Despite being an investment house, we wouldn’t want to make the 3L&3S all about investing as we believe as investors we can learn from multiple disciplines. However, if Jeremy Grantham and Howard Marks have something to say, we can make an exception. For the uninitiated, Warren Buffet is known to have said this about Howard Marks’ memos: “When I see memos from Howard Marks in my mail, they’re the first thing I open and read. I always learn something”. So, to us the biggest learning from this memo is the humility that the septuagenarian Marks brings, perhaps ‘The Most Important thing’ in investing – the intent and ability to continuously learn and evolve your thinking and beliefs. In this memo, Marks brings out what is likely to go down in history as the biggest transition in investing styles or rather like Marks puts it, the acknowledgement that value investing and growth investing aren’t mutually exclusive. This is already being deemed as Howard Marks’ best ever memo and hence worth the whole long read for the nuances around how the world we live in is driving this realisation but here’s Marks’ conclusion passage:
  • Value investing doesn’t have to be about low valuation metrics. Value can be found in many forms.The fact that a company grows rapidly, relies on intangibles such as technology for its success and/or has a high p/e ratio shouldn’t mean it can’t be invested in on the basis of intrinsic value.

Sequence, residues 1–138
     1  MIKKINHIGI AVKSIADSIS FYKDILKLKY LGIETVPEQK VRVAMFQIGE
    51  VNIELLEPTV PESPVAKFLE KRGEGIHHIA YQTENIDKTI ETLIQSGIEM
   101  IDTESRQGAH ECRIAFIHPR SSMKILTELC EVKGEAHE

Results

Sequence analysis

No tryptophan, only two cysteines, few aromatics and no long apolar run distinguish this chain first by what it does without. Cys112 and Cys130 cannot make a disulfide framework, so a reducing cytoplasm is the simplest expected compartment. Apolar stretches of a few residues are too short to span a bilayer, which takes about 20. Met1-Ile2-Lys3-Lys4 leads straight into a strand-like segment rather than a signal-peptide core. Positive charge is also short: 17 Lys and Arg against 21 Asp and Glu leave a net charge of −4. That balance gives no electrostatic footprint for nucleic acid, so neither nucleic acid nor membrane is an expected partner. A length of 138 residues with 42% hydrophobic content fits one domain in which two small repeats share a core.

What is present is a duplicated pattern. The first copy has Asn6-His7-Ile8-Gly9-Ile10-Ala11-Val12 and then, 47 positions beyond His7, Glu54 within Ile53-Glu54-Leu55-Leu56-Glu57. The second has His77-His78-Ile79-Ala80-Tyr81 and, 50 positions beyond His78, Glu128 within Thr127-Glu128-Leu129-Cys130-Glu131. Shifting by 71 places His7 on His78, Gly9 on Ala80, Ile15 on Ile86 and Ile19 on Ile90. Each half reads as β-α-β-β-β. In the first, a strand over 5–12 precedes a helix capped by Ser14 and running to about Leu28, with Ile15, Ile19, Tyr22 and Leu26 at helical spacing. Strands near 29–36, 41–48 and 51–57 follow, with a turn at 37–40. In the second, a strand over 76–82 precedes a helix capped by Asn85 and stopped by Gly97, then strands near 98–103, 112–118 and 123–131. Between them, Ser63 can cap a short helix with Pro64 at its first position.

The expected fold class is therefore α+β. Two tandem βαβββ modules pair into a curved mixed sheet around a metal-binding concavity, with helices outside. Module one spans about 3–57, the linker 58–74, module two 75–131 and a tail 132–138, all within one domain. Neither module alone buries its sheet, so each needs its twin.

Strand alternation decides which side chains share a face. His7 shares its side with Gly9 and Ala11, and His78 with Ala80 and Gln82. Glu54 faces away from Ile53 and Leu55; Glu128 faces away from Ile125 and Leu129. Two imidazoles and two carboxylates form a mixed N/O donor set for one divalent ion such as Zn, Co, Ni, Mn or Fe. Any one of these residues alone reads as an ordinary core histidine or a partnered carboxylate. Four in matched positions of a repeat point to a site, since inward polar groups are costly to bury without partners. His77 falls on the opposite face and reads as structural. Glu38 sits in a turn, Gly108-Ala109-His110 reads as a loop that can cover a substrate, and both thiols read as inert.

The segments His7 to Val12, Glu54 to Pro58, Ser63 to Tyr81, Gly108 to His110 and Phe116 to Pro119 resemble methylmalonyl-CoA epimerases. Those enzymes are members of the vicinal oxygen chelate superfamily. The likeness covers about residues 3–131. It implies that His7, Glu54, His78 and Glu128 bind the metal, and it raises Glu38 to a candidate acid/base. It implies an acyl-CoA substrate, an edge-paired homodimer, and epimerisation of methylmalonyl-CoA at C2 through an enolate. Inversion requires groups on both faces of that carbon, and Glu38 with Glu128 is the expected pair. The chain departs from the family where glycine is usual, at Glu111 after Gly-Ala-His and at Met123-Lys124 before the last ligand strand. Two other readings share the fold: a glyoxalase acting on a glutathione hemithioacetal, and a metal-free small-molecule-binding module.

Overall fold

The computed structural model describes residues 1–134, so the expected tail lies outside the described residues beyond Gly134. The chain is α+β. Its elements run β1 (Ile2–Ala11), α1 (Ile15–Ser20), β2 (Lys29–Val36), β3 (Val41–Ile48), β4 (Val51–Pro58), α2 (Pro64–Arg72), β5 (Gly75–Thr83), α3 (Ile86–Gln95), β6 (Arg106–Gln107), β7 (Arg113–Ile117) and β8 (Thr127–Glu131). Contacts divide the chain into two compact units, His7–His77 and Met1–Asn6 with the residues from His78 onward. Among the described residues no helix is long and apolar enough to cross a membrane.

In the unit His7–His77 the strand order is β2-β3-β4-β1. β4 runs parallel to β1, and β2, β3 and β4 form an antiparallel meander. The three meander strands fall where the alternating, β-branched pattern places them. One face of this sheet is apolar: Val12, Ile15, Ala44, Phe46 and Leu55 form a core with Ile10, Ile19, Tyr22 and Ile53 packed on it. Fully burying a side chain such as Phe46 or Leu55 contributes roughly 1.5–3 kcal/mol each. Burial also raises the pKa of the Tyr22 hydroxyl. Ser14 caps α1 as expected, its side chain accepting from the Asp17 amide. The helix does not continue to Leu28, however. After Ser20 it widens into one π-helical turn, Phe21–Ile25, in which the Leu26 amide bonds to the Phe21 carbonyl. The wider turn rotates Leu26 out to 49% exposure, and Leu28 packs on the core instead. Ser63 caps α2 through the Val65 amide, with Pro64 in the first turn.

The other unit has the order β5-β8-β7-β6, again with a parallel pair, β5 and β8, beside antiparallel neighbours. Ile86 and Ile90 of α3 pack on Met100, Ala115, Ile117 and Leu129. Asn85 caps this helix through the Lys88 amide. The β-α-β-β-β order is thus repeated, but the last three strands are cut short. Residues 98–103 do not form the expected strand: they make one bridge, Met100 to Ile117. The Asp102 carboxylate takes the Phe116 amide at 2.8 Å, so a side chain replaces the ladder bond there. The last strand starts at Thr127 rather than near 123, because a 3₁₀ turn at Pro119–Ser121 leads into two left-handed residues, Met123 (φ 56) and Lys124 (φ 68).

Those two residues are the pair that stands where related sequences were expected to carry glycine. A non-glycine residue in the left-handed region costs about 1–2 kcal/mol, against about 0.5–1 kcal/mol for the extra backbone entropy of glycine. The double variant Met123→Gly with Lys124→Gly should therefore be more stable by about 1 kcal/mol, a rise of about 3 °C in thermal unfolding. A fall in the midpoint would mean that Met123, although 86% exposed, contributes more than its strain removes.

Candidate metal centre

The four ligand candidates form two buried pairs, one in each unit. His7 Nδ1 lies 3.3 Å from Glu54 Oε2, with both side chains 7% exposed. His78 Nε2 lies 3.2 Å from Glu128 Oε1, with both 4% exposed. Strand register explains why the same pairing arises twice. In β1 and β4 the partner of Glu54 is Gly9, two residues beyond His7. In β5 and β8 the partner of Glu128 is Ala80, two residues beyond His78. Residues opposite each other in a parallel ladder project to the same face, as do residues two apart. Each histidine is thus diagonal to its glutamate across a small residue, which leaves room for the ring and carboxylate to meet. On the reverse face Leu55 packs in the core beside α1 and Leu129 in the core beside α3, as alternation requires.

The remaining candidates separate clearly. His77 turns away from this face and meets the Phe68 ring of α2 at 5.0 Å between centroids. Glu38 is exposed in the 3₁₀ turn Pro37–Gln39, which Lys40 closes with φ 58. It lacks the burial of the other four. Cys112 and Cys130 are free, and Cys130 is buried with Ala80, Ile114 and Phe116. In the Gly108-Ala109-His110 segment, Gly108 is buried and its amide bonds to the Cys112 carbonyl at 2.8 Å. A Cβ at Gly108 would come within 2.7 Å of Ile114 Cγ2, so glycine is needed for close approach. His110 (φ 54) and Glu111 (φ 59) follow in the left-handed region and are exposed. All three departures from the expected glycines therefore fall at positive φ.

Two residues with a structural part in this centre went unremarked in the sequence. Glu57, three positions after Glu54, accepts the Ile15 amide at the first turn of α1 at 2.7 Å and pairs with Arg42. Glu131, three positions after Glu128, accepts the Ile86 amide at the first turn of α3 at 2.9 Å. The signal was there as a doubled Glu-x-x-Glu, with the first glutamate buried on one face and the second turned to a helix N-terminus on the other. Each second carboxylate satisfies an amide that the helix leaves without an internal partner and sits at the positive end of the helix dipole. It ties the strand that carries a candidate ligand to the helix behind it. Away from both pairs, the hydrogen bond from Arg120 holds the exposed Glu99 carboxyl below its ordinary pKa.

• Many sources of potential value can’t be reduced to a number. As Albert Einstein purportedly said, “Not everything that counts can be counted, and not everything that can be counted counts.”  The fact that something can’t be predicted with precision doesn’t mean it isn’t real.
  • Since quantitative information regarding the present is so readily available, success in the highly competitive field of investing is more likely to be the result of superior judgments about qualitative factors and future events.
  • The fact that a company is expected to grow rapidly doesn’t mean it’s unpredictable, and the fact that another has a history of steady growth doesn’t mean it can’t run into trouble.
  • The fact that a security carries high valuation metrics doesn’t mean it’s overpriced, and the fact that another has low valuation metrics doesn’t mean it’s a bargain.
  • Not all companies that are expected to grow rapidly will do so.  But it’s very hard to fully appreciate and fully value the ones that will.
  • If you find a company with the proverbial license to print money, don’t start selling its shares simply because they’ve shown some appreciation.  You won’t find many such winners in your lifetime, and you should get the most out of those you do find.
I once asked a well-known value investor how he could hold the stocks of fast-growing companies like Amazon – not today, when they’re acknowledged winners, but rather two decades ago.  His answer was simple: “They looked like value to me.”  I guess the answer is “value is where you find it.””

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